Corkscrew

A bottle of wine is completely worthless if you don’t have a way to open it. Most quality wine bottles will have a cork to prevent oxygen from getting in, keeping the wine fresh and ready for consumption.

But without the right tools, corks can be almost impossible to remove from a wine bottle as they expand to fit the bottleneck.

This is where corkscrews come into the equation - they’re a tool used to remove the cork effectively.

If you don’t use a corkscrew in the right way, then the cork may break up into the wine - which is the last thing you want if you’re looking forward to a refreshing glass of your favourite wine.

Keep reading to find out about the different types of corkscrew, and how to use them effectively.

 

How To Use Different Types Of Corkscrew

There are a variety of different types of corkscrew you can use to remove a cork from a wine bottle, and some are more difficult to use than others.

Keep reading for our guide to using various different corkscrews effectively.

 

Winged Corkscrews

The winged corkscrew is probably the type of corkscrew you’re most familiar with. You can identify a winged corkscrew by the ‘wings’ or ‘arms’ that hang either side.

They’re popular because they’re effective and easy to use, and can pull out a synthetic cork with little effort or strength in a matter of seconds.

Because of the design of winged corkscrews, you don’t have to worry about getting the angle right - it’s a simple and easy process.

If you’re a casual wine drinker, this corkscrew is sure to serve you well as it works effectively on a variety of corks and bottles, no matter the size.

However, if you have an aged bottle, it’s generally best to steer clear of winged corkscrews.

Aged bottles will often have sensitive or brittle corks, and the force of pulling out the cork with this type of corkscrew may damage or split the cork - which is the last thing you want to happen with a bottle of wine you’ve been ageing and saving for years.

Winged corkscrews aren’t as portable as other types of corkscrews (for example, waiter corkscrews), and may not fit in your pocket, but you can still carry them around with you in a bag.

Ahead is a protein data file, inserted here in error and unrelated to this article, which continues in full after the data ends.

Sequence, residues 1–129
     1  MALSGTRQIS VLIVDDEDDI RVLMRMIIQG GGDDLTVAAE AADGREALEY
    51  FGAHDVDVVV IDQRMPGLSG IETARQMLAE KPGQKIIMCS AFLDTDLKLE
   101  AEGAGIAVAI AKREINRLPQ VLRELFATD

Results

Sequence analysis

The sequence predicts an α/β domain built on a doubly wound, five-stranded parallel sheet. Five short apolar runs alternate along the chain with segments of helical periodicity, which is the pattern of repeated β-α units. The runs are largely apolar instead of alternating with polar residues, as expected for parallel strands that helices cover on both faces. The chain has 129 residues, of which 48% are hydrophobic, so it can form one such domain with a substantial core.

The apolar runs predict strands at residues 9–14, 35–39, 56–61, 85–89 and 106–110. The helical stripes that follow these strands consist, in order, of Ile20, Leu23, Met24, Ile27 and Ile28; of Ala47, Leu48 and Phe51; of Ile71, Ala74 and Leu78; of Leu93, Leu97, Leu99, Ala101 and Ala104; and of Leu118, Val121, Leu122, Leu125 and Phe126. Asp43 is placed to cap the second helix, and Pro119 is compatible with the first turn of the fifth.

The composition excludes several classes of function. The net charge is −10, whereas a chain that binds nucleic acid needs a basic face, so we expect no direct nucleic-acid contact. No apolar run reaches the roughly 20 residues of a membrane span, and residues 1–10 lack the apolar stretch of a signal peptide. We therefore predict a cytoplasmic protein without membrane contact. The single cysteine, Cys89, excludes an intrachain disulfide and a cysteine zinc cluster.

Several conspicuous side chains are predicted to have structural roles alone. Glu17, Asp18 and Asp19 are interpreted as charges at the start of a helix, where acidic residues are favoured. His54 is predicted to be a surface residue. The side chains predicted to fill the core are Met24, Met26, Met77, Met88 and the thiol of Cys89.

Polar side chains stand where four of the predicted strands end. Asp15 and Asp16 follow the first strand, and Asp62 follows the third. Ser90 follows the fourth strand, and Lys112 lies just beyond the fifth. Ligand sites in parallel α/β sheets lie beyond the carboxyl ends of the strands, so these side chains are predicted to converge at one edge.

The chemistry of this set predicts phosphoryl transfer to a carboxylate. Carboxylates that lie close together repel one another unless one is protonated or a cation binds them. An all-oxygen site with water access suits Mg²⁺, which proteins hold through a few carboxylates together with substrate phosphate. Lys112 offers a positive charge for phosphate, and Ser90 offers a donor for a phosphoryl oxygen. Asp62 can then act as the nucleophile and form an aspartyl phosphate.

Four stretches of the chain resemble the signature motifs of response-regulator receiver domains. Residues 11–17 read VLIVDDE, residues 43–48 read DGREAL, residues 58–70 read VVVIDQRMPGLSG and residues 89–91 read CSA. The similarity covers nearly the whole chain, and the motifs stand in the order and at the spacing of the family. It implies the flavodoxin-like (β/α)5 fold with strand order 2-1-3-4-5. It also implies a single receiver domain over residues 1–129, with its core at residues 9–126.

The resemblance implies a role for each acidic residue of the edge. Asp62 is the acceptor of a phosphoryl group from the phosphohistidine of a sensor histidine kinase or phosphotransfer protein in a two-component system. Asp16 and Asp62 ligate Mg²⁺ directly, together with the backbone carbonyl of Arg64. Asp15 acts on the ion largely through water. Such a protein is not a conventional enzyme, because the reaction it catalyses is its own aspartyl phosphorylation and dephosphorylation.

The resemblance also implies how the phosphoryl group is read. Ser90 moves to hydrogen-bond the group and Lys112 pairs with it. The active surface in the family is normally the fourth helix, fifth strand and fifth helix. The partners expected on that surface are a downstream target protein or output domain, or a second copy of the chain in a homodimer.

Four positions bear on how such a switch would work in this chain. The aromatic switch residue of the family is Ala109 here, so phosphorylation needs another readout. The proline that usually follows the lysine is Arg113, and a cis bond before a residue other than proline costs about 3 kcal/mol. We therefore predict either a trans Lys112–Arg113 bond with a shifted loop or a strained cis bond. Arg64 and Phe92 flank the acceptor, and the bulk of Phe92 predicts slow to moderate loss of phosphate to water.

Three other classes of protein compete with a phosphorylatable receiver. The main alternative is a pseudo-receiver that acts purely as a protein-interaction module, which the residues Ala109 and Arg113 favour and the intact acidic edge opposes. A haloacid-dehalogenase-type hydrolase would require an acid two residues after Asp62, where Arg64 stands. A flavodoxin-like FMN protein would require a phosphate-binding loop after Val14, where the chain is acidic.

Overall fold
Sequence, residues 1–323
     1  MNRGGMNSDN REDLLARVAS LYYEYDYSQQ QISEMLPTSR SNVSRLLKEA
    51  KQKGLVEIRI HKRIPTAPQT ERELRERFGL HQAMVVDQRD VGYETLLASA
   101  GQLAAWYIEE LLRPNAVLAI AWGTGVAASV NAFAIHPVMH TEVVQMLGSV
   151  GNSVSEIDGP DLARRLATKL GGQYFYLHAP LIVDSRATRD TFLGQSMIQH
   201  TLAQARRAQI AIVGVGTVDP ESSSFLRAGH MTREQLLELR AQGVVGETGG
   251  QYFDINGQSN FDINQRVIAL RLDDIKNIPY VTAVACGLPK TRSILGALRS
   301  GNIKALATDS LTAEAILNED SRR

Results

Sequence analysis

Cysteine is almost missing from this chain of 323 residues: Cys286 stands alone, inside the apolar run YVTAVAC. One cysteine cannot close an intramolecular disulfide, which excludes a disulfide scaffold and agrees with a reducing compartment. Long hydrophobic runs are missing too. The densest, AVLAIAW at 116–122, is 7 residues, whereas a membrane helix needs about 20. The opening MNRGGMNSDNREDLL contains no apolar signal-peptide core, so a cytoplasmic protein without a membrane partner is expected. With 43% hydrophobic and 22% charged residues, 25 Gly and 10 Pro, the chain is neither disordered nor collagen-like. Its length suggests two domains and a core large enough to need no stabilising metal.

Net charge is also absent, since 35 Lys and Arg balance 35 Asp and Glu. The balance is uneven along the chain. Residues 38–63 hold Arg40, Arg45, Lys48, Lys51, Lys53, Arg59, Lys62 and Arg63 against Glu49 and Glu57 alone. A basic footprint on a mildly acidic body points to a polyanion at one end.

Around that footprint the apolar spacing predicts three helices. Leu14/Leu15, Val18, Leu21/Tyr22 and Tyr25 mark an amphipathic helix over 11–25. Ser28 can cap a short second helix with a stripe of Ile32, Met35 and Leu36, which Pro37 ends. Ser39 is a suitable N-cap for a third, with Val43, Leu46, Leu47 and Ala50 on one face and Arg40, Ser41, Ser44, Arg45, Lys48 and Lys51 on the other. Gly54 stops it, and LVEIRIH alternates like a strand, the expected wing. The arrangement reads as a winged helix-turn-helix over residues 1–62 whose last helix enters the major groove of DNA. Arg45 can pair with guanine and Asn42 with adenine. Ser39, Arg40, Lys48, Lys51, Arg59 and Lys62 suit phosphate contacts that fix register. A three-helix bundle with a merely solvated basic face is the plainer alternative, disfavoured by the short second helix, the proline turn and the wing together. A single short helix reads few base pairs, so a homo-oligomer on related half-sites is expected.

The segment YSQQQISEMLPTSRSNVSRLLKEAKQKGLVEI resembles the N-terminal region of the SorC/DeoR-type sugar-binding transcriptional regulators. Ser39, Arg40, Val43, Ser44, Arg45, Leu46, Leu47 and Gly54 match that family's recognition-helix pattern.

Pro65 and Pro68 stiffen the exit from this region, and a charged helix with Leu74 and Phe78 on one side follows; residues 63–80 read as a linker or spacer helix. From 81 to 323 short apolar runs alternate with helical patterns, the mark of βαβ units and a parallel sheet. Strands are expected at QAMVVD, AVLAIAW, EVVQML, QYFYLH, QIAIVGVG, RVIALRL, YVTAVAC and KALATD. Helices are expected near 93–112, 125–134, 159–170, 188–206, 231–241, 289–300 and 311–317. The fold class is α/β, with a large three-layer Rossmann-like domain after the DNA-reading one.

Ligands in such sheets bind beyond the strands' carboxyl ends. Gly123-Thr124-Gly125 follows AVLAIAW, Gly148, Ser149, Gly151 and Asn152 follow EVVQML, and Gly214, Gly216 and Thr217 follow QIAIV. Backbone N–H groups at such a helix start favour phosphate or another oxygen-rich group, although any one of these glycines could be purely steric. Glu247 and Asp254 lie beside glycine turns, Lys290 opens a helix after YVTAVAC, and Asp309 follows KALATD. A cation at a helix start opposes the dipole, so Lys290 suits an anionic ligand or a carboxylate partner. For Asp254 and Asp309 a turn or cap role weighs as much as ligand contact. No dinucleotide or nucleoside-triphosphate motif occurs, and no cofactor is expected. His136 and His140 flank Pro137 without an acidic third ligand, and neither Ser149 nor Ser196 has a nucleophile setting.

How To Use a Winged Corkscrew

To use a winged corkscrew effectively, you start by cutting the foil around the bottleneck and remove it.

Then, insert the worm (the spiral part in the middle of the corkscrew) into the middle of the cork. You don’t need to use too much force to do this, as corkscrews are often soft.

After that, simply twist the lever of the corkscrew to insert the worm into the cork, and continue twisting until the arms/ wings are fully raised.

Once the wings are raised, push the wings together - this removes the cork from the bottle.

Then, to remove the cork from the corkscrew, turn the corkscrew handle anticlockwise.

 

Waiter Corkscrews

Waiter corkscrews, or wine keys, are perfect for portable use, and often used by front of house staff in bars and restaurants.

They’re lightweight and easy to carry around in your pocket, and can even fold up like a Swiss army knife, which is why they’re nicknamed waiter corkscrews.

This type of corkscrew is also easy to use - it features a lever, and allows you to rest the corkscrew on the top of the bottle, making it easier to pull the cork out.

Although you don’t need to apply much strength at all to operate a wine key/ waiter corkscrew, you do need to know how to work it.

Once you know how to use a wine key, removing the cork from wines will take seconds.

It’s important that you learn how to use a wine key before using it on an expensive or aged wine, as incorrect use can result in a broken cork, or bits of cork floating in the wine.

 

How To Use A Waiter Corkscrew

It’s not too difficult to use wine keys - although they’re easier to use than screwpull corkscrews, they still require a bit of skill or practice to use them effectively.

The first step of the process is removing the foil from the wine’s bottleneck - it’s generally best to cut the foil instead of trying to rip it.

In fact, many wine keys will also have foil cutters to make the job quicker and easier.

Then, place the worm into the centre of the cork and twist the corkscrew around to insert the worm in the cork.

Next, place the small lever notch onto the bottle lip and hold it there, and lever the handle up to remove the cork halfway out of the bottle.

The next stage is where the skill comes in - move the second lever notch to the bottle tip and pull the rest of the cork out of the bottle.

It’s easy to remove the cork from the worm - simply reverse the corkscrew motion while keeping hold of the cork.

 

Electric Corkscrew

The electric corkscrew requires little to no effort. This type of corkscrew is popular with older people who don’t have the strength to use a standard corkscrew - but others use it simply for its ease of use.

Typically, electric corkscrews are powered using either built-in batteries that charge on a base, or replaceable batteries that you can simply replace as they die.

Because they are so convenient and easy to use, they are often more expensive than most other types of corkscrew.

However, it’s worth it due to the time and effort you’re sure to save by using one.

 

How To Use an Electric Corkscrew

This corkscrew is by far the easiest to use, as it does all the work for you.

All you have to do is remove the foil from the bottle, and place the corkscrew on top of the bottleneck so it’s sat vertically.

Then, turn it on and it will automatically remove the cork for you. Simple!

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